For more than a decade, some British Columbia Indian bands have been allowed to sell specific amounts of salmon - in addition to what they catch for food and ceremonial purposes - under agreements negotiated with the federal Fisheries and Oceans Department.
In many years, that for-profit catch didn't amount to much, as bands that have for centuries cast their nets into the Fraser River encountered the same meagre runs that sent the commercial salmon fishery into the doldrums.
This year, things are different. On a stretch of the Fraser near Mission on Sunday, Murray Ned and his sons were hauling in drift nets, hand over hand, plucking glistening sockeye by the dozen.
"It's one of the better years I've ever seen," said Mr. Ned, a Sumas Band councillor whose family has fished in this area for generations. "Last year, we didn't get out on the river at all."
The catch is strong enough that Mr. Ned's family has obtained a vending licence to sell whole, fresh sockeye at a popular highway produce stand in nearby Chilliwack. Sto:lo Tribal Council members are using both drift and set nets to catch fish on a stretch of the river between the Port Mann bridge and Mission.
Prices paid by corporate buyers, however, are not as healthy as the fish. A packing boat that came up river on Saturday to buy sockeye from the native fishing crews was paying less than a dollar a pound.
"Yesterday, we got 80 cents a pound," said Mr. Ned's son Kelsey, as he tossed sockeye into an ice-and-water-filled tote. "The markets are flooded."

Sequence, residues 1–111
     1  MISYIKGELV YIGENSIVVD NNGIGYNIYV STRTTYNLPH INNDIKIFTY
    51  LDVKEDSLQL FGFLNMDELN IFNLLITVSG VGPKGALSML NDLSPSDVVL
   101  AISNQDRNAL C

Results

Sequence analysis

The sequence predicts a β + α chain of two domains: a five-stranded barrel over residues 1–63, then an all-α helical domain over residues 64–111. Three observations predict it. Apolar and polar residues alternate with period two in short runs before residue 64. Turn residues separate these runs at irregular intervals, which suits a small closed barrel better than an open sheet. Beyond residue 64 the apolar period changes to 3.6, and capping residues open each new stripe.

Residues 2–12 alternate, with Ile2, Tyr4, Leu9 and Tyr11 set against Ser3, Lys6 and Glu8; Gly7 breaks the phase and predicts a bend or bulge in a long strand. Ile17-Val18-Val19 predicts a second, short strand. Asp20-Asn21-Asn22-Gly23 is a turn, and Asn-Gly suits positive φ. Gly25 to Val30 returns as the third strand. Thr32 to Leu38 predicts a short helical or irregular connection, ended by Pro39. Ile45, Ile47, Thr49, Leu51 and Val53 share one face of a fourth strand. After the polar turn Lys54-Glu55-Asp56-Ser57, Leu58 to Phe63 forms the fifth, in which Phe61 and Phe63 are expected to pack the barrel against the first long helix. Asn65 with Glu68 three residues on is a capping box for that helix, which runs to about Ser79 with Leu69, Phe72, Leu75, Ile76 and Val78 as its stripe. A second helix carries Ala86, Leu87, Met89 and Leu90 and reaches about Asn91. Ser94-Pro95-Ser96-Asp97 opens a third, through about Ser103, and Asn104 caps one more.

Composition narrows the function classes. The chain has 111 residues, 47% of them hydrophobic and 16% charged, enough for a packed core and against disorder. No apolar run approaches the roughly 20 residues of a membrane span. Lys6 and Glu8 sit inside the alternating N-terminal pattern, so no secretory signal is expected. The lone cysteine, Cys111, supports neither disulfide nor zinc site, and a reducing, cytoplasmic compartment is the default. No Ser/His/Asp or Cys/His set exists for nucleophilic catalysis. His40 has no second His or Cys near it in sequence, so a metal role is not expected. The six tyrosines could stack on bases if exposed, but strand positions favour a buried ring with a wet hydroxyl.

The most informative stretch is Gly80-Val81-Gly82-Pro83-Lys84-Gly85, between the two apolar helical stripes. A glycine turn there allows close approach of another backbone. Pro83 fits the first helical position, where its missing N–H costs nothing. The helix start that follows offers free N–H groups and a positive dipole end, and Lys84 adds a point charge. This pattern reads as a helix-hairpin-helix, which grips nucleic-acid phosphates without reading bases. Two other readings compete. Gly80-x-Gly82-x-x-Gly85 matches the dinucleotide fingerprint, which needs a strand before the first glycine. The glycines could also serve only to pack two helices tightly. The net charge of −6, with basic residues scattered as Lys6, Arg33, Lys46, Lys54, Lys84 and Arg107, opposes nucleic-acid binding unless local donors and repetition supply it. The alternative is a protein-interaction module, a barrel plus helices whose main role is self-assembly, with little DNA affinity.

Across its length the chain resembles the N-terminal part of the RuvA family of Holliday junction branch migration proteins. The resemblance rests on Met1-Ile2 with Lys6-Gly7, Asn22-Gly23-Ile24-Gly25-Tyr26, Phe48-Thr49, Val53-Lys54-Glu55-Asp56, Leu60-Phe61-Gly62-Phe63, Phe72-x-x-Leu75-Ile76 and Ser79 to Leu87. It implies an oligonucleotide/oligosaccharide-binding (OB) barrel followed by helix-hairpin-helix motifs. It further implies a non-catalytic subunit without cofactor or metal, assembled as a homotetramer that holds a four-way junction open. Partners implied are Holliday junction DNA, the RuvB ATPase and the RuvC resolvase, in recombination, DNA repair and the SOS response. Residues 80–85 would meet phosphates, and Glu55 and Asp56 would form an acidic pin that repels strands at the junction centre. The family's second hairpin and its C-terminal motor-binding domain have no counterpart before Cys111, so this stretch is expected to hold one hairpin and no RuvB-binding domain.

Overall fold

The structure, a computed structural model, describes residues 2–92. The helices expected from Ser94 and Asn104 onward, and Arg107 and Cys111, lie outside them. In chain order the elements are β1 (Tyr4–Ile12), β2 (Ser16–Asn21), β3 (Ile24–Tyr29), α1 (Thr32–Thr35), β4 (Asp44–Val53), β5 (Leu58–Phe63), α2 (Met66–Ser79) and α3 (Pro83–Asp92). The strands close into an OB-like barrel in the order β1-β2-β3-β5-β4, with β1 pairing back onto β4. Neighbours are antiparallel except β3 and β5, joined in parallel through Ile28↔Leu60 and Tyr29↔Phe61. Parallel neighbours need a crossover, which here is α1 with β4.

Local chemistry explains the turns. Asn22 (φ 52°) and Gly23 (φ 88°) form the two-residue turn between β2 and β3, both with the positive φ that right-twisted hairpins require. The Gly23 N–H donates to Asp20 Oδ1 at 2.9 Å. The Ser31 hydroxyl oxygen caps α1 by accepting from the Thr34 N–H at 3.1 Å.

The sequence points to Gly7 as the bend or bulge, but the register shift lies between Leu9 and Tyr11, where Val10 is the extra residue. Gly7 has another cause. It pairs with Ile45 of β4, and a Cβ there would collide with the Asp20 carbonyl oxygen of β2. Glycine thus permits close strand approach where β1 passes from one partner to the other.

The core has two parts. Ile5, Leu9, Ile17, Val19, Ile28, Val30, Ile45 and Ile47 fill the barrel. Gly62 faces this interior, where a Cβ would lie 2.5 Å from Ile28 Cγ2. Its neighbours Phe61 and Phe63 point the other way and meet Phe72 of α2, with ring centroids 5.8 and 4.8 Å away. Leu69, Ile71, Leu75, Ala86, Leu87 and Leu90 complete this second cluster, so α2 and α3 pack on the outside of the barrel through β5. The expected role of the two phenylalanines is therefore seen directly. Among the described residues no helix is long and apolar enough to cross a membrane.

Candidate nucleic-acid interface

This year's unexpectedly bountiful Fraser River sockeye salmon run is putting pressure on warehouses and suppliers of staples such as ice. But Mr. Ned, who has dealt with the same ice supplier for years, said he has not run into any problems purchasing ice for his boat.
However, he knows people who have not been able to buy as much ice as they need to fill their totes. With more commercial openings scheduled this week, some observers are wondering where the fish will go.
The Pacific Salmon Commission on Friday boosted its estimate of the Fraser River sockeye run to 30 million. That would make the run the biggest since 1913.
The run comes as the federally appointed Cohen Commission is looking into the decline of Fraser River sockeye after fisheries were closed for several years in a row after early-season estimates of returning fish failed to appear.
The volume of fish that could come to market this year from bands that participate in the economic opportunity fisheries is relatively small - several hundred thousand fish are allotted under the program - but can generate much-needed income for communities, Mr. Ned said.
Aboriginal fishing regulations have on occasion been a flashpoint for conflict between native and non-native fishers, with court battles going all the way to the Supreme Court of Canada. A 2008 Supreme Court ruling upheld aboriginal licencing provisions.
Native fishing rights have also resulted in conflicts on the water. Last August, a Fraser Valley band chief was shot in the face with a pellet gun during a confrontation between a native-owned boat and a sports fishing boat after gear and nets got tangled between the two craft.
That high-profile incident sparked a joint effort by sport and native fishing groups to promote better manners - and cooler tempers - on the river through measures that include an education video posted on Youtube.
On Sunday, there were no signs of conflict as both "sporties" and native fishing crews hauled salmon from the winding stretch of river - despite the pirate's flag that Mr. Ned has, in jest, placed on his boat.
Mr. Ned's focus was on catching the fish, getting it on ice and arranging some way to sell it - either through the farmer's market vending stall or to commercial buyers.
But he won't be putting any on the barbecue. After weeks of catching and cleaning it, he's fished out.
"We won't be eating fish until September."